I mean, I’m a professional with a college degree doing knowledge-based work. I don’t work as hard as the people working fast food. I could “go Galt” for a week and society wouldn’t collapse, but a strike by the people who haul away the trash would cause about any town to grind to a halt. I don’t just get sick of members of the 1% complaining about lazy poor people, I get sick of middle class people who clutch their pearls over the poor who get ‘their’ tax money. I mean, the middle class way of life is built on the assumption that there will always be lots of people waiting their tables, stocking the shelves and slaughtering their meat making shit money in shit conditions with no benefits. The middle class ignorance bothers me more since I don’t think it’s acceptable for people who probably brush shoulders with workers so often to be so ignorant of what those people go through. We all know what minimum wage is – anybody can do the math and figure out there’s hardly any way one person can live on it.

    I also get sick of the ‘well, how much should you make if you ONLY aspire to be a line cook, waitress etc.” people aren’t their jobs, and any useful work should entitle you to some minimum standard of living.

    • Drakk

      No, see, you need to work hard in a lucrative field!

      • smrnda

        Yeah, I should have skipped college and grad school and gone into drug dealing. Much more lucrative :-)

        The way that useful workers get shat on reminds me of how some necessary jobs in some cultures get labeled as ‘untouchable’ jobs and that people who do them get stuck in ‘untouchable’ castes. We think it’s ridiculous to label a necessary job one that relegates a person to an untouchable caste, but we more or less do the same thing in the States.

    • baal

      well said

      fwiw, 1 full time job at minimum wage puts a family below the poverty level. We’d need to nearly double the wage to fix that.

    • John Horstman

      Plenty of the people who are part of the 1% due to earned income (versus capital gains) do work long days with few vacations. They’re still really overpaid – money nominally represents added value resulting from one’s labor, and hauling trash and shit away from our homes is WAY more valuable to everyone than, say, managing a hedge fund. I agree that the view that poor people are somehow “lazy” is absurd, and someone working two 40-hr/week jobs is clearly working more than someone working one, but the ridiculous amount of work hours exists all throughout the income spectrum. I see that problem as 1) capitalism (making money from money without an additional input of labor or other utility) and 2) pricing of labor not related to the actual utility value of that labor. Since a lot of the skewed valuation of labor in the second problem is related to the first (we pay people who do the labor that makes capitalism happen on behalf of others the most), we could solve a lot of the issues with our economic structure simply by banning (unlikely) or heavily restricting the finance/capital sector of the economy. Of course, that means that people making millions and billions without doing actual work (risking one’s money, which they may well be doing, is not the same as doing useful labor – I’m not entirely sure why we seek to reward risk) would no longer be able to do so, and since they control most of the wealth, by definition, and thus also exert heavy influence over our political systems, it’s difficult to implement reasonable economic policies.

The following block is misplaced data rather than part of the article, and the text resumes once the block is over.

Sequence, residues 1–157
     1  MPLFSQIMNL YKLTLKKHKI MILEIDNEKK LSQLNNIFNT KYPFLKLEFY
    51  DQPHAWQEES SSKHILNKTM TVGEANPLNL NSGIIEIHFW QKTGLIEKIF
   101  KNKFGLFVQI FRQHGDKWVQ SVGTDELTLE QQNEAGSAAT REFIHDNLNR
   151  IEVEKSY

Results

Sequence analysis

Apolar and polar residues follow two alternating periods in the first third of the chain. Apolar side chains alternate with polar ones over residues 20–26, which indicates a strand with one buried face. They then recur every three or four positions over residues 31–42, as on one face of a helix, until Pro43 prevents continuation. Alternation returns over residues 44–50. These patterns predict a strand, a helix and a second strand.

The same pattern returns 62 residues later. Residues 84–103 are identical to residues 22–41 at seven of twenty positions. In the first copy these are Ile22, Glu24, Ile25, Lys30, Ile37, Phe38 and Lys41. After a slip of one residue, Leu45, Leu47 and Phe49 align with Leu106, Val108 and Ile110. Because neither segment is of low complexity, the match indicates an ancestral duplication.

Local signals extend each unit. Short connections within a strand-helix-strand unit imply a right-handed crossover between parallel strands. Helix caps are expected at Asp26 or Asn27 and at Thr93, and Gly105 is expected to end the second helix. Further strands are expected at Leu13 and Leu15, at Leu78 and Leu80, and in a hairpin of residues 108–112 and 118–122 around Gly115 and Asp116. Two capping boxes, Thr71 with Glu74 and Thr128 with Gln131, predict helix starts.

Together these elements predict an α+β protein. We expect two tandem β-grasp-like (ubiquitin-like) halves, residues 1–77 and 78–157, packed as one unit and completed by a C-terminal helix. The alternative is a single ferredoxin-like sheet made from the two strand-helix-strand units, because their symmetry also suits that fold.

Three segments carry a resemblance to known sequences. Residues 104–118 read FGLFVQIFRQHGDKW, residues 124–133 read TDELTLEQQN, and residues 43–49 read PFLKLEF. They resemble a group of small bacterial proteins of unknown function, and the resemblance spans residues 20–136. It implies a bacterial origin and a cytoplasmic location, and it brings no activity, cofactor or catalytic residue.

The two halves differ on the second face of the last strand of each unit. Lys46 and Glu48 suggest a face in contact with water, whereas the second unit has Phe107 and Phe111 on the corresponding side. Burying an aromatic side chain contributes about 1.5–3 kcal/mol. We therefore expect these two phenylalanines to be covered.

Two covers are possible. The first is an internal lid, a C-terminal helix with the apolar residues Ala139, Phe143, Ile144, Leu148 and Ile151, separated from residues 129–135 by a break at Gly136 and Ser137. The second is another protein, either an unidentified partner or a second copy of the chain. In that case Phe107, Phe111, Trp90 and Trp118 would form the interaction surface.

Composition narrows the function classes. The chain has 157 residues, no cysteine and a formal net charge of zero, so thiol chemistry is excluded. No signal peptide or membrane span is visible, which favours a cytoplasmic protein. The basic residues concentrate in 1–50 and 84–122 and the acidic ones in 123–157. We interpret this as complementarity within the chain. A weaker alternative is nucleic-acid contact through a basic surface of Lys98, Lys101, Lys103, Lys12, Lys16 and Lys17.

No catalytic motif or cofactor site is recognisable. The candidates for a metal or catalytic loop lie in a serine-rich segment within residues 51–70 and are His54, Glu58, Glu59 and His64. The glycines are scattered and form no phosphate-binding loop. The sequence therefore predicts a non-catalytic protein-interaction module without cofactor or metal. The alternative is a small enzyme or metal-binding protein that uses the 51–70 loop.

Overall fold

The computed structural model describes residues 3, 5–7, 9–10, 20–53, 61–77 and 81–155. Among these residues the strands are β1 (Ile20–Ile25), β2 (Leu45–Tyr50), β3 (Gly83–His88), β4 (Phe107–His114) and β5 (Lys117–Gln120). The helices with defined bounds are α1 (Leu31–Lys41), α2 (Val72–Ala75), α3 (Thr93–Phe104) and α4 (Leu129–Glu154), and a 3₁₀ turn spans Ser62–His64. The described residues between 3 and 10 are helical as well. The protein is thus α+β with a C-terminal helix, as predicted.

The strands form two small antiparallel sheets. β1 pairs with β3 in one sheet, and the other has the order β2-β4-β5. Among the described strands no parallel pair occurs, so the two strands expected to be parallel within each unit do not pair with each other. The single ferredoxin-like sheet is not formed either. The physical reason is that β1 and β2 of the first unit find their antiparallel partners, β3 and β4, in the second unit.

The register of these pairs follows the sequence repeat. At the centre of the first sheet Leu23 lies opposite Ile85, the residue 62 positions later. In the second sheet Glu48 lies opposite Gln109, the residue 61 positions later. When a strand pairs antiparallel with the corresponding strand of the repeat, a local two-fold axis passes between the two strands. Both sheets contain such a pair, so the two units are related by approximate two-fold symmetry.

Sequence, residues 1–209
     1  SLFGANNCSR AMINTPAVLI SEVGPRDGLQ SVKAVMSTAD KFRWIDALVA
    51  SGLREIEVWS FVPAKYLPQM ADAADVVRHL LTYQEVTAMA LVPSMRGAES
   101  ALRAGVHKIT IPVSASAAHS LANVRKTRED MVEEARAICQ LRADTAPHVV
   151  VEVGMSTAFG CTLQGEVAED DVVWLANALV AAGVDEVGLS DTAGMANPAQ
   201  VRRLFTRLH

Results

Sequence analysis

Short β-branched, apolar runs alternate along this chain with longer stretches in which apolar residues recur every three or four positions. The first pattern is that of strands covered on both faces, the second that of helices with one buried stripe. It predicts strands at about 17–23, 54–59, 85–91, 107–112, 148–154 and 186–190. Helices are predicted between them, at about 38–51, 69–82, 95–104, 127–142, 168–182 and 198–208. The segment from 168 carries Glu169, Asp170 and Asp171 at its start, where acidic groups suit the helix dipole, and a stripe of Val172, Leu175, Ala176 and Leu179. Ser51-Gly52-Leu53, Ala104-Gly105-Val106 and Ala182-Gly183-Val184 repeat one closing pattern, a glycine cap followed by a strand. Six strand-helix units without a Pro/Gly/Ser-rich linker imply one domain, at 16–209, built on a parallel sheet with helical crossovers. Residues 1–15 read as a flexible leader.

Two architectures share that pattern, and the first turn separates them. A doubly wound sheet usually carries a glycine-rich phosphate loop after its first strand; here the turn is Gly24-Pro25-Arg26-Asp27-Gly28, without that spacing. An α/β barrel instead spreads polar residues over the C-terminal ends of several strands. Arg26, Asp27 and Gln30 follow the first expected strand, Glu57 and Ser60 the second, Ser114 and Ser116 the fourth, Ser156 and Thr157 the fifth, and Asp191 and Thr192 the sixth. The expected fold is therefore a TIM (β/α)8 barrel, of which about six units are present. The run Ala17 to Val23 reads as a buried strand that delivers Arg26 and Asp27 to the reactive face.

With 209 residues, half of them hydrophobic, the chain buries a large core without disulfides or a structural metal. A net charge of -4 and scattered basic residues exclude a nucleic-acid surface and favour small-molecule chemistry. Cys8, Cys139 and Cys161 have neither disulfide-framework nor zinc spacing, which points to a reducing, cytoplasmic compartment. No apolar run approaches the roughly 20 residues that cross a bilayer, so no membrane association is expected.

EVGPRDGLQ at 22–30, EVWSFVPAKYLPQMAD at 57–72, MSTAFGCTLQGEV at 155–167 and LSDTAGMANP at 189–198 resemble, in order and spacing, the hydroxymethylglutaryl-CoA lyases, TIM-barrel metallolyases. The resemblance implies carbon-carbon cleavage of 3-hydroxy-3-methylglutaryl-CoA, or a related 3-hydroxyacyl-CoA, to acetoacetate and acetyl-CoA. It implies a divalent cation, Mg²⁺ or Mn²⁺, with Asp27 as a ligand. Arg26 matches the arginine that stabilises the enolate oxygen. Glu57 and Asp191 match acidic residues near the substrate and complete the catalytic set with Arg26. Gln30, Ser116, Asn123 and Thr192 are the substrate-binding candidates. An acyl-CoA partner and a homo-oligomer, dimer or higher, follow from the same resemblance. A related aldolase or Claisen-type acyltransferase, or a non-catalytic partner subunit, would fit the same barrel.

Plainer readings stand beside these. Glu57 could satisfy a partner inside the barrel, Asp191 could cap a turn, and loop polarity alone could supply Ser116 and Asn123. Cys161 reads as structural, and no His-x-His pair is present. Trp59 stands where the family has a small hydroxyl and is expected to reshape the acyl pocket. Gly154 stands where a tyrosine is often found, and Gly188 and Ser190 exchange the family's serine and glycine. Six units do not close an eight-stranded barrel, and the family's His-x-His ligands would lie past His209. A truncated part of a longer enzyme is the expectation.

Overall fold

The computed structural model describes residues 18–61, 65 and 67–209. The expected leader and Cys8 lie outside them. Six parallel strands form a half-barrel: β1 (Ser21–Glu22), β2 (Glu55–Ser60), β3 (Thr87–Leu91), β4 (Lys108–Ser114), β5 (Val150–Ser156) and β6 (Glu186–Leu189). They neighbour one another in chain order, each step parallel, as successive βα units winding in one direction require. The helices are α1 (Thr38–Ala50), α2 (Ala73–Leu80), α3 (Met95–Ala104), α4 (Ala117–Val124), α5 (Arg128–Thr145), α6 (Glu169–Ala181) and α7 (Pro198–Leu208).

• Stevarious

    It’s their own fault for not being born with a trust fund that gets them into Harvard!

  • John Horstman

    I should also point out that the view that simply handing people money for doing nothing is not “socialism”; it’s a fix for a capitalist economy that results in massive inequalities of income and wealth with the cynical intent of preventing a revolution organized by starving, homeless, disenfranchised masses with no other recourse (or in some cases the less-cynical desire to provide everyone the opportunity to at least survive). The real objection to a socialist system comes from the leisure class, those who DON’T need to work and thus don’t, since a socialist structure would prevent the accumulation of wealth they enjoy and also require everyone capable of work to work. It’s capitalism that breeds entitlement and socialism that requires that everyone earns hir income. Welfare to Work would have been a great idea if it hadn’t involved the private sector (it functionally is a program that subsidizes even-cheaper labor for private businesses at the public expense): I would very much favor replacing all cash (or in-kind) payment programs with a public sector large enough to guarantee 100% employment, but since this would force businesses to actually pay workers what they’re worth (instead of there being a constant surplus of labor driving labor prices down), it’s unlikely in the near term.

  • Courtney C.

    Thank you so much for writing and researching this post. I’ve been sending it to EVERYONE today in light of Romney’s 47% comments. :)

    • doctorburger

      Hey, thanks!

  • jesse needham

    Thanks for posting this.. A couple days ago I unleashed on someone who was going on about gov. assistance is for the lazy drug users. Without knowing anything about me, she accused me of be a “welfare person” who makes spelling errors and does drugs. What did I learn from this exchange? Make sure her husband is not an ex-military, right wing gun nut in a neighboring town who sees 1984 everywhere.